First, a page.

SPECIAL COVERAGE
CHANDIGARH

LUDHIANA

DELHI


THE TRIBUNE SPECIALS
50 YEARS OF INDEPENDENCE

TERCENTENARY CELEBRATIONS
L E T T E R S    T O    T H E    E D I T O R

No end to Naxalite violence

There is no let-up in the Naxalite offensive. The
condition is fast deteriorating. In the last one year,
as many as 177 policemen have been killed by the
Naxalites. They have established liberated zones
and are running the administration.

The government’s writ doesn’t run in partts of some states which appear to be at a loss to handle and curb the spreading menace. After Chhattisgarh, Jharkhand, Maharashtra and West Bengal, the Naxalites have now struck in Orissa where they killed 10 policemen in a mine blast on June 18.

The Central Government cannot remain a passive onlooker, making vacuous statements. If the evil is not nipped now, we will be faced with a situation graver than what Pakistan is facing in the Swat valley.

R.J. KHURANA, Bhopal





II

The Centre and the states have launched various welfare schemes for the tribals, but these are almost negligible. One section blames the government while the other condemns the extremists for perpetrating violent protests.

The solution to problems like Lalgarh or Red Corridor cannot be tackled by the Army or special security forces. The answer lies in improving the socio-political system through effective rural development programmes that really benefit the weaker sections of society.

NEHA PAUL, Patiala

Timely warning

The editorial “Let not goondas rule: Ludhiana Akali attackers must be punished” (June 22) is a timely warning to the Akali government in Punjab whose MLAs and party workers think that they are above the law of the land. The brutal treatment meted out to the duty-conscious Tehsildar will further erode the confidence of those discharging their duties in letter and spirit.

Surprisingly, though Mr Benipal had written to the Deputy Commissioner about the threat to his life sometime ago, he was not given any protection. Chief Minister Parkash Singh Badal should not take such criminal acts of his party workers lightly.

LAJPAT RAI GARG, Chandigarh





Impeach the judge

The editorial “Impeach Justice Sen” (June 17) aptly states that judges must be perceived to be incorruptible. Parliament should impeach Justice Soumitra Sen of the Calcutta High Court expeditiously as his acts have lowered the reputation of the higher judiciary and are unbecoming of a judge.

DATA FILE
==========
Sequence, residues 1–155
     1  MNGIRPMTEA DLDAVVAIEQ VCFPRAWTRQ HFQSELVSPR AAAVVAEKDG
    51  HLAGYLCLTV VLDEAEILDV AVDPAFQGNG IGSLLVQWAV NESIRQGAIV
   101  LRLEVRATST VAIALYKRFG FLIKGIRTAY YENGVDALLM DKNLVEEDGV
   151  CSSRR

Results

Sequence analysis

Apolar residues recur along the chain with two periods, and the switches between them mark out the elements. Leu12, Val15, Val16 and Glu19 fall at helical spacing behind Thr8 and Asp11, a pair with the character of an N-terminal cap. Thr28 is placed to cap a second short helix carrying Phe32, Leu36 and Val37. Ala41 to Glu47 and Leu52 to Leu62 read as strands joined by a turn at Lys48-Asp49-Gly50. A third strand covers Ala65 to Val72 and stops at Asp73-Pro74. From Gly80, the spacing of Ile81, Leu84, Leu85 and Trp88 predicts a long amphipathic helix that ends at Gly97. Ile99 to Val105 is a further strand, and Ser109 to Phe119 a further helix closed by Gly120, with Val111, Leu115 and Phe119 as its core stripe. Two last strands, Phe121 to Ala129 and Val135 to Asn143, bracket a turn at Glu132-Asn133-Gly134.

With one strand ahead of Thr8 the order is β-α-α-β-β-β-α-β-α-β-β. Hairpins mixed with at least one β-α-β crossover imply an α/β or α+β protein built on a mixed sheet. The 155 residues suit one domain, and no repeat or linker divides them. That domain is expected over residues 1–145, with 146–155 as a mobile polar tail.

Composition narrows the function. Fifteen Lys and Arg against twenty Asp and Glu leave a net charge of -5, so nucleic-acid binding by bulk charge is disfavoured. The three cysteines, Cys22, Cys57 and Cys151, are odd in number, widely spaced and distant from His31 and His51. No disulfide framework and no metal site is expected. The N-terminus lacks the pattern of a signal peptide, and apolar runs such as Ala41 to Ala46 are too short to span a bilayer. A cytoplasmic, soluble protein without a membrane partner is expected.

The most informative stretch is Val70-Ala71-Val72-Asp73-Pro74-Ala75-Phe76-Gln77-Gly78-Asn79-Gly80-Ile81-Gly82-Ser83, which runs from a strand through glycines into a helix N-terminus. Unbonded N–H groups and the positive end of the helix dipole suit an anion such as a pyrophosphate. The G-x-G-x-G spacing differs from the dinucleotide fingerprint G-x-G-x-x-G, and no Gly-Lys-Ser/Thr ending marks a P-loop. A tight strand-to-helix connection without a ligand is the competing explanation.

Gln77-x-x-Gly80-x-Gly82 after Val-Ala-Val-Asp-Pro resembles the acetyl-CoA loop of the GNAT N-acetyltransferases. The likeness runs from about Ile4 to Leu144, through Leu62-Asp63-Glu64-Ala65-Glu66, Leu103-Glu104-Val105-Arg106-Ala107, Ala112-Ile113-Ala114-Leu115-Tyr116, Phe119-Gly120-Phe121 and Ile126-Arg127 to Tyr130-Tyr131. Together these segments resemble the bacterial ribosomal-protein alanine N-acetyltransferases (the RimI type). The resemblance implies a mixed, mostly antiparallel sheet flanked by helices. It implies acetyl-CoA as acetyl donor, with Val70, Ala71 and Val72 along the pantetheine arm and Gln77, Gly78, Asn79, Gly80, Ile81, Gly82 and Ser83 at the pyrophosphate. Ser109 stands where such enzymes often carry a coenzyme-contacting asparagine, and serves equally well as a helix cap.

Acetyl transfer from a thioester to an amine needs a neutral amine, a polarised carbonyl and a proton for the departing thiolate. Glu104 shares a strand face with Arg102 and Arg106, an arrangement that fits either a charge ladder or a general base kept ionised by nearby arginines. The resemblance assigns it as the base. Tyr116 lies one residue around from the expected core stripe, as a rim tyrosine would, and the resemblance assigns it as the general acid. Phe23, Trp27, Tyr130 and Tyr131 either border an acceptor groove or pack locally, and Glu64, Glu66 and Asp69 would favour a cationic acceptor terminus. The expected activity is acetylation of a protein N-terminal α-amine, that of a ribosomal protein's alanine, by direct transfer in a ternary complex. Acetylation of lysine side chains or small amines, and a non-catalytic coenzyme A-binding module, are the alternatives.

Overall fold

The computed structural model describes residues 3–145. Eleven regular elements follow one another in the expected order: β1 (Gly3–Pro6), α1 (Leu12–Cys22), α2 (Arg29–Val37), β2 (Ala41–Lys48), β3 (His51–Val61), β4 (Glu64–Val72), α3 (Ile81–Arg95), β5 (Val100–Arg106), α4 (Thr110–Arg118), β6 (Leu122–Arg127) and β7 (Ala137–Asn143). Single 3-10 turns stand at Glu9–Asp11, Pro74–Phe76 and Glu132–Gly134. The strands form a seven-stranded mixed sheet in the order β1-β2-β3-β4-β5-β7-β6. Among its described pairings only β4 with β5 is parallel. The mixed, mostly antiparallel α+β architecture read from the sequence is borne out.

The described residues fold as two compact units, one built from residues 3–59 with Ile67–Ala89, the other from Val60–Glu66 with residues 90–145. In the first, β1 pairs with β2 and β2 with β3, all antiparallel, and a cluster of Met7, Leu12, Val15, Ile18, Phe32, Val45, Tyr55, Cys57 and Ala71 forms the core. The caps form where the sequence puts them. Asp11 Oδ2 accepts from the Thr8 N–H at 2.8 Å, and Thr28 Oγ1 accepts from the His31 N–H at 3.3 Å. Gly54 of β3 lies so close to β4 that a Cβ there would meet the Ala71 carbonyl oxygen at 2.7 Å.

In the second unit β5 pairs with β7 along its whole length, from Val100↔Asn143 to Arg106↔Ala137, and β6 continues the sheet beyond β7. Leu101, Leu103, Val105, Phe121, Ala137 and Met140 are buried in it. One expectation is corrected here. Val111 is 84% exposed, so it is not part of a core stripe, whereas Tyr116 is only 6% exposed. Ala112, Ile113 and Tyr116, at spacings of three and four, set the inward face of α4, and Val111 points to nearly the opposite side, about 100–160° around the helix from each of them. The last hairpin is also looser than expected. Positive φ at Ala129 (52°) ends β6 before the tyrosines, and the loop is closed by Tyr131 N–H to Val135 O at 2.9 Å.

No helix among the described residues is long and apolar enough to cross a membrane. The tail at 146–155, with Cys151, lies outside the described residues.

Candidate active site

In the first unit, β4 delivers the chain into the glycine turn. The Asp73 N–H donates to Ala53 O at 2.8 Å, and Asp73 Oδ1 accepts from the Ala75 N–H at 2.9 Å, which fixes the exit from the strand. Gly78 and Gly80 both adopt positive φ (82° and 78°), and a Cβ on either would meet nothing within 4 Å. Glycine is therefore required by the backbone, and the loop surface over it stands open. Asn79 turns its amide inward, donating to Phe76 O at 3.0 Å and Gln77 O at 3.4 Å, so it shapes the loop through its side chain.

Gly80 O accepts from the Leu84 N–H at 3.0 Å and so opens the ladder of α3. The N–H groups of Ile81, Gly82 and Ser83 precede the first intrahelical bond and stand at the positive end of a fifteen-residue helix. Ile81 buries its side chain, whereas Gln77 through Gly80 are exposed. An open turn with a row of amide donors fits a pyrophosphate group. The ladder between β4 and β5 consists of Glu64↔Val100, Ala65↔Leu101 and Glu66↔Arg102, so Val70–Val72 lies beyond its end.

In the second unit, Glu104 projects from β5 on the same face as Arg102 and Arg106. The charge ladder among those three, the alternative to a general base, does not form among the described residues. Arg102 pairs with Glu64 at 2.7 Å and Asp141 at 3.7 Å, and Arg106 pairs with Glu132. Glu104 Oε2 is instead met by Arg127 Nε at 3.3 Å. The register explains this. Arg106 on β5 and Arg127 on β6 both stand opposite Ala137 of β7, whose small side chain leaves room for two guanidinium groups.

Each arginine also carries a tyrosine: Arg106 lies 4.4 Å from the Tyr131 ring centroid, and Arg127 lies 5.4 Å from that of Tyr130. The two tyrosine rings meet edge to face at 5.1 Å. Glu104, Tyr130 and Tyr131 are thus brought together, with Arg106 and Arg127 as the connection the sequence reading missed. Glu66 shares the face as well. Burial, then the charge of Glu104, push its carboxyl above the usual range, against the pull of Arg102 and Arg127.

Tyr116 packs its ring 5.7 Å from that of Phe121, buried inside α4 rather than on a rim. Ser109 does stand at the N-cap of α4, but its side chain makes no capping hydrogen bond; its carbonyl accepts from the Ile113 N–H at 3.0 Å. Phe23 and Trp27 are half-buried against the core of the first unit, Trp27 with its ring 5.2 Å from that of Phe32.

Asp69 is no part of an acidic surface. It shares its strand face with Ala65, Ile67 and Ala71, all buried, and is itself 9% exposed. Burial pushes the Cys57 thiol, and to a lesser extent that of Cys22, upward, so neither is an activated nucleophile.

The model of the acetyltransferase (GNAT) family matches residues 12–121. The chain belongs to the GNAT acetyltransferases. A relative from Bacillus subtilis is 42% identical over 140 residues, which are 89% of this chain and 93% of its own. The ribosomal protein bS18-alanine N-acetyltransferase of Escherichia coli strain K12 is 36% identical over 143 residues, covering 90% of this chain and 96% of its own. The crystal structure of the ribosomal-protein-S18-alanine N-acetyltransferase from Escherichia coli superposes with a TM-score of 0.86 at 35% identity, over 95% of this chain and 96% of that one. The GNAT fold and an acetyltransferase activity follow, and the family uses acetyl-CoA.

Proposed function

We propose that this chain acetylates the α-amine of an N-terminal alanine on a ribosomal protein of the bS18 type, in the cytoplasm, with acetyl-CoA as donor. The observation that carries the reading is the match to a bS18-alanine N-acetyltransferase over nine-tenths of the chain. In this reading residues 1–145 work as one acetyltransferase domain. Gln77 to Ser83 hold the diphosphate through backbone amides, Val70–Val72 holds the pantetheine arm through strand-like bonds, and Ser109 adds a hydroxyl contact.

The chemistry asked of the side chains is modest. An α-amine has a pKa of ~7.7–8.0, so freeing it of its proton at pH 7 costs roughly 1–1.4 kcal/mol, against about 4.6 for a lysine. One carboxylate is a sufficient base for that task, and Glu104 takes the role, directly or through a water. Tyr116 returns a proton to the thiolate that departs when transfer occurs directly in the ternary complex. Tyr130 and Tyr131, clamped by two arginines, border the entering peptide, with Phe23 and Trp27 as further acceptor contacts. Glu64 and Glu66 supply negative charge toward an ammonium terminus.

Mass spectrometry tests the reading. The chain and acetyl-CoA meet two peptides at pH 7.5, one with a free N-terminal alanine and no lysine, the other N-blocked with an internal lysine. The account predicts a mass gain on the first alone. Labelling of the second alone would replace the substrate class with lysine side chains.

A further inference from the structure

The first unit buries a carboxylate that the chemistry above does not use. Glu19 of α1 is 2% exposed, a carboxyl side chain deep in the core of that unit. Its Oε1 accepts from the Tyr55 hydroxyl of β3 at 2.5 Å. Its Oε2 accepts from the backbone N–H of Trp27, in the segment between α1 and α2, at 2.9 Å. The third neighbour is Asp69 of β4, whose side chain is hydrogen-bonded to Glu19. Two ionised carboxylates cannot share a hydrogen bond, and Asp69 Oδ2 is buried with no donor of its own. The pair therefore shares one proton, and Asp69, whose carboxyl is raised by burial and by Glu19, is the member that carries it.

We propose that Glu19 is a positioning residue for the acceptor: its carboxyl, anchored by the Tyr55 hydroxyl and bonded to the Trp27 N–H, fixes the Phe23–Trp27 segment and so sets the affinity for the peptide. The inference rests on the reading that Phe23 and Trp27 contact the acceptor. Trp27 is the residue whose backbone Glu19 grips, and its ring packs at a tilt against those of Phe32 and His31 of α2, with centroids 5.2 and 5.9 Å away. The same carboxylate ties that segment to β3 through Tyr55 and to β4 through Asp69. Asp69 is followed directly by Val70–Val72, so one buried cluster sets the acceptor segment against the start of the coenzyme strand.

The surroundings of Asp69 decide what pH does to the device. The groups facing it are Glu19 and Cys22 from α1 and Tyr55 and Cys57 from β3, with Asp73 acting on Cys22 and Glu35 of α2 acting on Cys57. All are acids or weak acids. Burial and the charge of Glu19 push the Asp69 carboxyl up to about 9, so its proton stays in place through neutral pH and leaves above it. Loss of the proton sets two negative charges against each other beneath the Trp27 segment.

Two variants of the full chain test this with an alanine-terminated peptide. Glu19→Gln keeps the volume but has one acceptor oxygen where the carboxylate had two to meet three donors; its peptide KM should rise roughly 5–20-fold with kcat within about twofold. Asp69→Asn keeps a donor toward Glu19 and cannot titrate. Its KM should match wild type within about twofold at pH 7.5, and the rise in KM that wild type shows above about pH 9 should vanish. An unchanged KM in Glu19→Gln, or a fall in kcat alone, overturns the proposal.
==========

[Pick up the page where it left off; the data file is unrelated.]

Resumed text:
Union Law Minister M. Veerappa Moily has indicated that the Centre has “no vested interest in protecting the corrupt, whether inside or outside the judiciary”.

Though the process of impeachment of a judge is very cumbersome, let Parliament show its resolve that it too wants a corruption-free judiciary. Justice Sen’s impeachment will send the right message down the line.

HARBANS SINGH CHOPRA, Mohali

Gruesome attacks

The spate of attacks on Indians continues in Australia. Education is Australia’s third largest export industry and it will be adversely affected if the country is considered an unsafe destination.

The recruiting agents shamefully exploit the ignorance of rural Indians and lure them with the dream to permanently settle in Australia. Reality strikes them when they have to reside in unsafe crime-infested suburbs, doing menial jobs.

Of course, the whole nation cannot be blamed for the violence perpetrated by a few unscrupulous and evil elements. Ultimately, they need to be brought to book immediately. There is need for a quick and efficient response mechanism with confidence building measures from the Australian police.

ARPAN, Chandigarh

Raja Mann Singh

The 470th birthday anniversary of Maharana Partap was celebrated in Punjab on June 17. But what about the birthday of Raja Mann Singh? Both belonged to the same era. Raja Mann Singh enjoyed the rulership and occupied an exalted position in his darbar.

Maharana Pratap resisted the advance of the Mughal Emperor. He stood like a rock and fought a tough battle at Haldi Ghati. He fought like a brave soldier. The result of the war did not in any way cast a shadow over his bravery and valour.

His suffering is a harrowing tale but manifestly shows the character and conviction of a man who did not barter away his honour. We bow before him reverently. His birthday, too, should be celebrated widely to inculcate the spirit of sacrifice among our youth.

B. S. BHATIA, Chandigarh

 





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